But that is why that EU market is so precious; because we share the same regulations, we share the same rules over things like food safety, over animal health and welfare – over bottles – and the whisky industry and I have been doing a bit of a UK tour recently. And the whisky industry will tell you how important it is, that because we share those regulations over bottling and labelling, they can simply export their products to Paris just as easily as they can sell them in a supermarket in Preston.

Now if we were to leave that EU Single Market, what that would mean is that those products would face additional costs in getting them into markets. In some case that would mean that some markets close. Now a lot of people say to me, “But surely the European Union won’t close it’s markets.” Well, it’s recently that of course the French closed its markets to UK beef, and we had to fight in the European Court of Justice to get British beef back on French menus. Because there is a policing mechanism in the European Single Market to make sure that if a product is complying with those European rules that we’ve all agreed, that we are able to sell it. That is a very important message.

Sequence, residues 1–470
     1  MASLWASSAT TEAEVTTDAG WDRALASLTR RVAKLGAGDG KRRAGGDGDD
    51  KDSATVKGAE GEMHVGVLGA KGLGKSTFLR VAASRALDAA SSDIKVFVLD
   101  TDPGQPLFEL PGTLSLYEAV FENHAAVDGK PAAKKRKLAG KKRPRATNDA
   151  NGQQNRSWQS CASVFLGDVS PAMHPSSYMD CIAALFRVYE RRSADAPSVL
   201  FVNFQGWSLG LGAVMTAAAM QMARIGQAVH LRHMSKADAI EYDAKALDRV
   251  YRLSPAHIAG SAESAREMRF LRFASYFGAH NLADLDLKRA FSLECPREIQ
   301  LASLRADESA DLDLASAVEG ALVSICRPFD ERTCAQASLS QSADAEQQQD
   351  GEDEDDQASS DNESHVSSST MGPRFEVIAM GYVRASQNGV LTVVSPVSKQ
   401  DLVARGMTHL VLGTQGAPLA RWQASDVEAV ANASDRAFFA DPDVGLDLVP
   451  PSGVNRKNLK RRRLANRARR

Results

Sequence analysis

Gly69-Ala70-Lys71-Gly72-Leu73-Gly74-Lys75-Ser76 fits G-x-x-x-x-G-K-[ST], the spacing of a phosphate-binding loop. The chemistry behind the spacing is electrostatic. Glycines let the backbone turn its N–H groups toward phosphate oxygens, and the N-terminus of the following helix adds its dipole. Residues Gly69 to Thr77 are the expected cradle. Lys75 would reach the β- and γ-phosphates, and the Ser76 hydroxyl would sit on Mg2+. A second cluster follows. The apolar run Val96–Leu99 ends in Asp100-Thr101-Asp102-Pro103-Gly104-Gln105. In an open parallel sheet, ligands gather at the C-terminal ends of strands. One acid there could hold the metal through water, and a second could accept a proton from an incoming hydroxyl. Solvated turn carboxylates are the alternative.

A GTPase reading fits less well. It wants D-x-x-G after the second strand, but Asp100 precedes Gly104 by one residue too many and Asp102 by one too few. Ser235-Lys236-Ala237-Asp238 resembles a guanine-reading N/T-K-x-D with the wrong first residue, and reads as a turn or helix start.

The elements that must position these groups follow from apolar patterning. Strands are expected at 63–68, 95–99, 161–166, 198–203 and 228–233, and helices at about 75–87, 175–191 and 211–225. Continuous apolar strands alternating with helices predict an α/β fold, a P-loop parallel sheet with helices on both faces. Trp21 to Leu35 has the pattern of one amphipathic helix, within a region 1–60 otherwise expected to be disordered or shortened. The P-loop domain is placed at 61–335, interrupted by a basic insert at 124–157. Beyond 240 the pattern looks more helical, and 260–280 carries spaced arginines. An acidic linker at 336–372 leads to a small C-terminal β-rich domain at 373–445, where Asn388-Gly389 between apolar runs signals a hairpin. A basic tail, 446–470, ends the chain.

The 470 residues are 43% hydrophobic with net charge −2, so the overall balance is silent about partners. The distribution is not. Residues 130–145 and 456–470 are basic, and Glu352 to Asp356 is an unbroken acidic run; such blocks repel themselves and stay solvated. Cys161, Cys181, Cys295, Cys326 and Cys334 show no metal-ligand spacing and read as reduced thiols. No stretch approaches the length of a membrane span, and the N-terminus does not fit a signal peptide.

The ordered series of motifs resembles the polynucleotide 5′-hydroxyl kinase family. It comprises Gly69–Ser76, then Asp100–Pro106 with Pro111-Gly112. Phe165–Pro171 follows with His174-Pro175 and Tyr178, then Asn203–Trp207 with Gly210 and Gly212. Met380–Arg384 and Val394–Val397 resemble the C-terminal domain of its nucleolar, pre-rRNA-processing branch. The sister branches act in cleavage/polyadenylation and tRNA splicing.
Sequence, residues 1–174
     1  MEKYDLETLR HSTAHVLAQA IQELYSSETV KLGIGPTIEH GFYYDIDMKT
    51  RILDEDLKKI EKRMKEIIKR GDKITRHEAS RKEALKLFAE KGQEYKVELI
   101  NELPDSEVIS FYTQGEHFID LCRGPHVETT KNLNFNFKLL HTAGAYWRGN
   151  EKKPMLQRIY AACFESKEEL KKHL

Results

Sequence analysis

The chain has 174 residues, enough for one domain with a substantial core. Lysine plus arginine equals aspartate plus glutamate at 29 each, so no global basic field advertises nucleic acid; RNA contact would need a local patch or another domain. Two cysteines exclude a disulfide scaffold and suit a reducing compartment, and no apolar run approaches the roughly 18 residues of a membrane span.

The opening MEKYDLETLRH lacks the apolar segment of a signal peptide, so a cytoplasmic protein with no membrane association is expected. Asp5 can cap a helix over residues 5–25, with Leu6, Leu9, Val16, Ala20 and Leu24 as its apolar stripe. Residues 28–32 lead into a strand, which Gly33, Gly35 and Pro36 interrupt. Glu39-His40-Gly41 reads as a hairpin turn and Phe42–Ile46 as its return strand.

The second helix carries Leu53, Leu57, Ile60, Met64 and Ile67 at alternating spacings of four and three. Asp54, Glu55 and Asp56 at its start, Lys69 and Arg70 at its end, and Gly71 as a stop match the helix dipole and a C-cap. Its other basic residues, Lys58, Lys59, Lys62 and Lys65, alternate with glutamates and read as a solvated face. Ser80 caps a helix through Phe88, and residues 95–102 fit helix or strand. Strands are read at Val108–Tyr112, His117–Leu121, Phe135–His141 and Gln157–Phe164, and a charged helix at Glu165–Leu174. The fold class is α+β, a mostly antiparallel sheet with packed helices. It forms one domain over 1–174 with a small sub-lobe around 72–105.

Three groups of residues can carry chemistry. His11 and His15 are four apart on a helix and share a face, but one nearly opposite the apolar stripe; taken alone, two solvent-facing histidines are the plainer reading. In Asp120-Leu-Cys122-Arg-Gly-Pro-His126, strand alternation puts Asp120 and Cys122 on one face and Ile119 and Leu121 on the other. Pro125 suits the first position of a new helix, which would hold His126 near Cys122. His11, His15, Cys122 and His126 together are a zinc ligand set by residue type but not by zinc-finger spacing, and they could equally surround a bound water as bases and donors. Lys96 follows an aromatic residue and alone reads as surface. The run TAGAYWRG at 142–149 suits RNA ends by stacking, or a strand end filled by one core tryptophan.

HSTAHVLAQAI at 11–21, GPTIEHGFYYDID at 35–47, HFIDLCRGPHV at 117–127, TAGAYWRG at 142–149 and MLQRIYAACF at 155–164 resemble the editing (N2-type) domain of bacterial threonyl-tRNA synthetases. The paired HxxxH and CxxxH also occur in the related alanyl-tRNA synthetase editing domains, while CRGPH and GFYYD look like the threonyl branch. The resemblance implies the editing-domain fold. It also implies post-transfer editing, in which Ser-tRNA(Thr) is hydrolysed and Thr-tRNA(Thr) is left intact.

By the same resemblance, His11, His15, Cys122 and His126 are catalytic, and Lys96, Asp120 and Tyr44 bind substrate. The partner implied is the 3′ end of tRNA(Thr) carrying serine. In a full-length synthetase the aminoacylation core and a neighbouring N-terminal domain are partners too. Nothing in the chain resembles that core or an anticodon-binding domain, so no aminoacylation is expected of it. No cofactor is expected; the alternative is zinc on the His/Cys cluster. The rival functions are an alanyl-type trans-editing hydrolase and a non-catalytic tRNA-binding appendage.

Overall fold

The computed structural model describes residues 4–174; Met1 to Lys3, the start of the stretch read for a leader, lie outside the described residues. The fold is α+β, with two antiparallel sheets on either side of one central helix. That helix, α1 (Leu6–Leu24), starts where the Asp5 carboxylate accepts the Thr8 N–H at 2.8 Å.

This campaign has been dominated by some strong statements, some quite major warnings, but what I think is really important is that we get the message across to people – that’s the people in your companies, it’s the people that we all work with, it’s the people in the entire food chain, which employs a massive amount of people across this country, that we get the message across that just how difficult it would become to do business.